Mark Hix

Mark Hix

Mark Hix

Mark Hix’s impact on British food is legendary, with multiple restaurants and cookbooks shaping our understanding of the nation’s cuisine.

Mark Hix grew up in West Bay, Bridport, a seaside town on the Dorset coast, raised by his grandparents on a diet of simple country dishes: ‘My grandmother cooked — cheaper cuts like lamb hearts and pork belly — and my grandfather grew tomatoes.’ Mark did not have big career plans when he first stepped into the kitchen. A boy who has worked in some capacity since the age of twelve, he found himself in his first kitchen job, at a local pub, ‘to earn a bit of cash.’ After dabbling with domestic science at school — and winning the school prize for his efforts — he says he ended up at catering college ‘purely because I didn’t have any other options.’

It was at Weymouth College that he met Laurie Mills, a teacher at the college and the first of his significant culinary inspirations. Mark says: ‘He was a brilliant chef and party boy and he always talked about London – I wanted to go there and do what he did.’ At the time, it was hotels that offered the best possibilities for high quality training and experience, so on heading to the capital he took up a position as commis chef at The Hilton. He then moved onto Grosvenor House Hotel, where he trained under Anton Edelmann.

Next came The Dorchester, when Anton Mosimann was at the helm. He worked his way up to chef de partie, staying in the position for two years, until a chef at the hotel left to head his own venue, The Candlewick Room, and asked Mark to be his number two. After eight months that head chef left, leaving a twenty-two-year-old Mark with a valuable opportunity: ‘It was a bit about being in the right place at the right time — I asked if I could have his job and that was it really. It was either that or I left to find something else.’ By the time he moved on, four years later, he had made his dent on the London food scene.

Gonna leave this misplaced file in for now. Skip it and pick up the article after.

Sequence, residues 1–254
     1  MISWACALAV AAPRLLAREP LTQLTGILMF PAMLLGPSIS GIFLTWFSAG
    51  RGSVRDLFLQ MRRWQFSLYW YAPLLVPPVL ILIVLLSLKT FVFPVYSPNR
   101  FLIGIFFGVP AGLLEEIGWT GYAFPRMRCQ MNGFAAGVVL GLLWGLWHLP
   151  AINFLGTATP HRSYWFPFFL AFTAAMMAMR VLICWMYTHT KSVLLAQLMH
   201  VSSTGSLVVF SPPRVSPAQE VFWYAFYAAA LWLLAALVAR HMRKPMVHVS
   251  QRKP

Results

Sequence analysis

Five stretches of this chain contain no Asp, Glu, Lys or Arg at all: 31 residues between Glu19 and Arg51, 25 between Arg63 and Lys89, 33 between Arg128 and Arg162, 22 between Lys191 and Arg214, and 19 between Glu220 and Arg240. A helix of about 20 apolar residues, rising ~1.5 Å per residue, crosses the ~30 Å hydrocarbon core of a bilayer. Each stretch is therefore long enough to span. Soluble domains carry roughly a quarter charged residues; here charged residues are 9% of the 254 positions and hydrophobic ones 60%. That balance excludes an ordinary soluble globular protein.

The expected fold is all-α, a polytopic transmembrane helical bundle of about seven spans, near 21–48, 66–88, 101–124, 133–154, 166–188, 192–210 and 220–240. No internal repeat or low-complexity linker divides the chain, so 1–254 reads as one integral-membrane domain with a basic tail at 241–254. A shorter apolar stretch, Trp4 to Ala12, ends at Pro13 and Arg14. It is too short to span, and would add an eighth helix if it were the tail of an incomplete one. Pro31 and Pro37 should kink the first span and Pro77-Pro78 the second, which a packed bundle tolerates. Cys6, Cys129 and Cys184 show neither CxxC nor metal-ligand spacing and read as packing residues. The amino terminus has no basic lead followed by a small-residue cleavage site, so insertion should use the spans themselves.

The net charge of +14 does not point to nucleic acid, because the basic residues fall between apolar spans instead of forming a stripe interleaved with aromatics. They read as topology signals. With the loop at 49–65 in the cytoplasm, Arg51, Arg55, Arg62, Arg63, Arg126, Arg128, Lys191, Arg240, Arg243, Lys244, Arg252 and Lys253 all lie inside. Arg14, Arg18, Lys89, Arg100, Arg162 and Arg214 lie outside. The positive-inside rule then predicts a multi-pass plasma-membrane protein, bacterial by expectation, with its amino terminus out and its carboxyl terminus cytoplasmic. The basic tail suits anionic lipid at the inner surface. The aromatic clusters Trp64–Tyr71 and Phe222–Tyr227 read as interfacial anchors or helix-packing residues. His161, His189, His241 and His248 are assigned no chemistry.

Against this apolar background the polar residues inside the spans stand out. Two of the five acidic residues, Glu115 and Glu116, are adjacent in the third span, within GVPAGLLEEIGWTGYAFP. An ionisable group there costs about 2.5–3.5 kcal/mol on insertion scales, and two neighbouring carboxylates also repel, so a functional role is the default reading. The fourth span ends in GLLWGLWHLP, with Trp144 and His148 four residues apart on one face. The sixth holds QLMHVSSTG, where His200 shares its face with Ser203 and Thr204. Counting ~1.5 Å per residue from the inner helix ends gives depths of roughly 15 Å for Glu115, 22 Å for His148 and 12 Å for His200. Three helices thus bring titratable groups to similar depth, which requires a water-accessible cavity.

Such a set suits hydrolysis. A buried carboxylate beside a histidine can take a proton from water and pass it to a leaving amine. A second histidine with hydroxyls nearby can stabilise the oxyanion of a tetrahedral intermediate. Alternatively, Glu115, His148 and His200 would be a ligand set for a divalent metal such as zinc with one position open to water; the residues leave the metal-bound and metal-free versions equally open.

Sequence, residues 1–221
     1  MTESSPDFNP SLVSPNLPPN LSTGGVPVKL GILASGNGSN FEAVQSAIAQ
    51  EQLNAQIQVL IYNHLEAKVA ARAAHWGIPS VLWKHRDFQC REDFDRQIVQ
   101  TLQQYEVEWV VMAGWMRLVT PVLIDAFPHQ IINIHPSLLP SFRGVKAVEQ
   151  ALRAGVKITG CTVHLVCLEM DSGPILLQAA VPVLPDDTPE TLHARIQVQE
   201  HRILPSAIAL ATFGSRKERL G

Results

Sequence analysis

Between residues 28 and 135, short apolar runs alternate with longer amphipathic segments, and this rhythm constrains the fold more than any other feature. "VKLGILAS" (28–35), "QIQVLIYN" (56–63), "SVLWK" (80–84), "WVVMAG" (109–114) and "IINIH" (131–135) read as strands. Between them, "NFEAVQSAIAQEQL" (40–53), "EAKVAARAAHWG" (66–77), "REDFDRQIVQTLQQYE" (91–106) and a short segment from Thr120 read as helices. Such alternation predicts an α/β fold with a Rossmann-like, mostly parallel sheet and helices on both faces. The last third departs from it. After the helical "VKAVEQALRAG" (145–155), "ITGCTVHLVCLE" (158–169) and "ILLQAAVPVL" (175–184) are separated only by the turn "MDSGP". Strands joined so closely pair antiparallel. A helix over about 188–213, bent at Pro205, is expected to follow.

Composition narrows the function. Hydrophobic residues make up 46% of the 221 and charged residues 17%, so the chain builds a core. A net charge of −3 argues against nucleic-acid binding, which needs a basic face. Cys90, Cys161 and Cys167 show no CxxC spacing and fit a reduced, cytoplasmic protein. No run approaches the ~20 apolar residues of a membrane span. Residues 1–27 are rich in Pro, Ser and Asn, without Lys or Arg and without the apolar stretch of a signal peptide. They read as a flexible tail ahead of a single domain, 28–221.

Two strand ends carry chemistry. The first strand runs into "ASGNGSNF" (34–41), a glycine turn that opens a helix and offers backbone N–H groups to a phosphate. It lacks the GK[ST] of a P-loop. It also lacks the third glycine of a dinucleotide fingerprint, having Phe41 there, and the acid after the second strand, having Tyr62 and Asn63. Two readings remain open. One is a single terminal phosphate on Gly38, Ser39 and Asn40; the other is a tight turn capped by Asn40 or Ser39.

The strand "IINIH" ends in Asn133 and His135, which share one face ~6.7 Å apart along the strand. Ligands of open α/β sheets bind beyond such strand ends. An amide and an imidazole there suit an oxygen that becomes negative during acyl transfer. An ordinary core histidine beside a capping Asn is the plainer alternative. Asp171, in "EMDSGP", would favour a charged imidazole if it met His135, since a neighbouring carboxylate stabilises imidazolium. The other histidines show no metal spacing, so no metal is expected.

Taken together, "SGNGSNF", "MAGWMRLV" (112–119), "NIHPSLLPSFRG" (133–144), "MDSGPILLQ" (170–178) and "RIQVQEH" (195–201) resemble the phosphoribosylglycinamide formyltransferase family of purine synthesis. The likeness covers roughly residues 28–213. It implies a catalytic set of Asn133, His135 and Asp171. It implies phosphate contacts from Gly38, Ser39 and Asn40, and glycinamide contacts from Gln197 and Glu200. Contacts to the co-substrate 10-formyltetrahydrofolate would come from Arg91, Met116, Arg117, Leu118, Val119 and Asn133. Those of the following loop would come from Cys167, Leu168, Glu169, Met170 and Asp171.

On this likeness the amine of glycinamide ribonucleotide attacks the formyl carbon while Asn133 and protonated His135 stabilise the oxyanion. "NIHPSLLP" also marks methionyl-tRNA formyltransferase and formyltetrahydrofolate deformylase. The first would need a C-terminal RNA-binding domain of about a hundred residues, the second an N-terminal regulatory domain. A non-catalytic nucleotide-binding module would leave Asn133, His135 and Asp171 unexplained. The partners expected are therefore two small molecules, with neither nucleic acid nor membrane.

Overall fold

Next came a head chef position at Le Caprice, and when owners Chris Corbin and Jeremy King – ‘the best restaurateurs in history’ – opened The Ivy in 1990, he was appointed as executive head chef of the group. He began overseeing Le Caprice and The Ivy, but as the group expanded, the role grew to managing a further six venues.

After nearly eighteen years with Caprice Holdings, Mark left to pursue his own projects. He told us: ‘It was probably time I thought about branching out on my own, doing my own thing. Having your own business is a different challenge – a very different challenge – more responsibility, more risk.’ In less than six months he had opened his first venue, HIX Oyster and Chop House, in London’s Smithfield. As would become the pattern with his future venues, for Mark it was the site that dictated the menu. ‘I don’t really think of a concept and then look for a site, I kind of do it the other way round. I just wanted to do something that people weren’t expecting, something not predictable.’

Keen to give his first restaurant a unique talking point, he started experimenting with smoking fish in his back garden. His ‘Hix Cure’ smoked salmon, flavoured with salt and molasses and smoked over oak and apple wood was soon supplying Selfridge’s food hall – with Mark whizzing orders around in his scooter – and as this cottage industry blossomed, smoking operations moved up onto the roof of the famous shop. ‘I started smoking my own fish at the end of my garden – with the cat always sniffing around.'

His second venue, HIX Oyster and Fish House in Lyme Regis, followed shortly after with HIX Soho opening in 2009 and HIX Restaurant and Champagne Bar in Selfridges in 2010. In 2011 he opened HIX Mayfair in Brown’s Hotel, and in 2012 came HIX Belgravia. Tramshed in Hoxton followed the same year, with HIX City after that in 2013 and Hixter Bankside in 2014. We asked him how running his own restaurant empire compares to running a kitchen: ‘You have to see the whole picture. There’s so much apart from just the kitchen, there’s the bars, the cocktails, the front of house, everything to get involved in.’ Opening (and keeping open) so many restaurants, during one of Britain’s worst recessions, is no small achievement. ‘It’s kind of staying ahead of the game really.’